I was trying to say that all classes do have powerclasses; the powerclass of A is the class of all sets that are subsets of A. — Carl (CBM · talk) 10:58, 15 April 2011 (UTC)
If the meaning of "power operation" is ambiguous, perhaps the point that could be mentioned to help the reader is that unlike a set, a class is not a member of anything. Usually the power operation applied to C is understood as creating a collection where the outcome contains C as an element. I still think such remarks can be helpful for the unitiated. Classes after all were historically introduced so as to create weaker objects to which the power operation does not apply. To someone who believes set theory is foundation of reality it may be disturbing to hear "classes" described as objects introduced to fix a bug in the theory; but the average reader deserves to know this nontheless. Tkuvho (talk) 12:08, 15 April 2011 (UTC)
The article doesn't seem to mention powerclasses at all. I think you're saying we should include them, only so that we can say that if A is a class then A is not a member of the powerclass of A. I don't really see the benefit in mentioning powerclasses at all. The point of proper classes is that they are not members of anything, so how could they be members of their own powerclass? It seems very tangential to me.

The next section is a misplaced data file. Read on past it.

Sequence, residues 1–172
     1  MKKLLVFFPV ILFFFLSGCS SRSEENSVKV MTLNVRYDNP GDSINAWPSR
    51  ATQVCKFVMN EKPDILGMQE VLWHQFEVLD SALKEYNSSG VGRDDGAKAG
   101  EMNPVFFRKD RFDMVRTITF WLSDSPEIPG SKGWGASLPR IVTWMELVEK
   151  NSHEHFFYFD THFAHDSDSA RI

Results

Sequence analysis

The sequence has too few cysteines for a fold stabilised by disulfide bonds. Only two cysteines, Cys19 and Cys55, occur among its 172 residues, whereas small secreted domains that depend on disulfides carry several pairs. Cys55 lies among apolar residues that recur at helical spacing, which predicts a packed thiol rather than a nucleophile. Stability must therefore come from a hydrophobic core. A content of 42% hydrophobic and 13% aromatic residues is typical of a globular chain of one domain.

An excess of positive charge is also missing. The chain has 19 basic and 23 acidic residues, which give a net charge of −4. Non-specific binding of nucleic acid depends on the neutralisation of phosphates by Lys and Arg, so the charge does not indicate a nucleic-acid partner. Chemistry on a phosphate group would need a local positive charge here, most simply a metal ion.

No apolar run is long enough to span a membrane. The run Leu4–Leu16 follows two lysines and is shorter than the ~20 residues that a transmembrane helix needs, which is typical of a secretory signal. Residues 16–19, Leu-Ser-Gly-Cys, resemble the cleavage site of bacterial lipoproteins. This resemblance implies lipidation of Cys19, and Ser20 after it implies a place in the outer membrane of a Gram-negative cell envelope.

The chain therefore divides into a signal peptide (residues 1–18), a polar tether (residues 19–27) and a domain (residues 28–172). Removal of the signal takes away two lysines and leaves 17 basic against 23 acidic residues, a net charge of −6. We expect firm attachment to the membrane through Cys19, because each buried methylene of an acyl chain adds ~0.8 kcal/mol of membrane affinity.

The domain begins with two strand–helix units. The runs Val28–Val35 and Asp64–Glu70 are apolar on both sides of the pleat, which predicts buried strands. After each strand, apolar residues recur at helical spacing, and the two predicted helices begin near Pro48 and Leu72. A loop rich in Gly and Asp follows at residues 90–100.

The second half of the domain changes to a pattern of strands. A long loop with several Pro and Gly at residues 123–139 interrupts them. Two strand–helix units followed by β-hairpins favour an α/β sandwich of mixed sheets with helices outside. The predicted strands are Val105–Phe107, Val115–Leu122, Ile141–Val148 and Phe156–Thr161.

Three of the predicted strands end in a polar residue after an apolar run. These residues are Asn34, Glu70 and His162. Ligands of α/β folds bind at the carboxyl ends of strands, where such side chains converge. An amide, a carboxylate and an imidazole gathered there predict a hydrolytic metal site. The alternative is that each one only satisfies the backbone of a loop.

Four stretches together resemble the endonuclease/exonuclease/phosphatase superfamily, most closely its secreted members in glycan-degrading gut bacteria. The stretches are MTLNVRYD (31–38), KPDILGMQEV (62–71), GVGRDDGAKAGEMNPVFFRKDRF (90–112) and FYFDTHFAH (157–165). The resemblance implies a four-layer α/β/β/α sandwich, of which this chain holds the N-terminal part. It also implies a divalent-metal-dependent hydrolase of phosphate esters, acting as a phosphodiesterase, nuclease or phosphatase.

Historically, classes were not "introduced"; the distinction between sets and classes was introduced by redefining the word "set" to mean something different than it originally did. The study of classes has always been present in set theory, for example Cantor studied the class of ordinals and the class of cardinals. — Carl (CBM · talk)

I undid the edits to Power set and Cantor's paradox as well. The power operation can be applied to a proper class; it just gives back another proper class. So just claiming that it can't be applied is, at face value, wrong. Moreover, in the set theory most people use (ZF or ZFC) there is no power "operation" at all, just an axiom that for any set there is a corresponding powerset. So in ZFC you can't "apply the power operation" to anything, set or class. The definitional extension that adds a powerset operation works just as well for classes as for sets, as in Levy's book. I hope we can keep the discussion here, instead of on three talk pages. — Carl (CBM · talk) 13:06, 15 April 2011 (UTC)

Just to add, in case it is helpful: the idea of having power operations for all classes also plays a central role in the Algebraic Set Theory of Joyal, Moerdijk and others. ComputScientist (talk) 17:48, 16 April 2011 (UTC)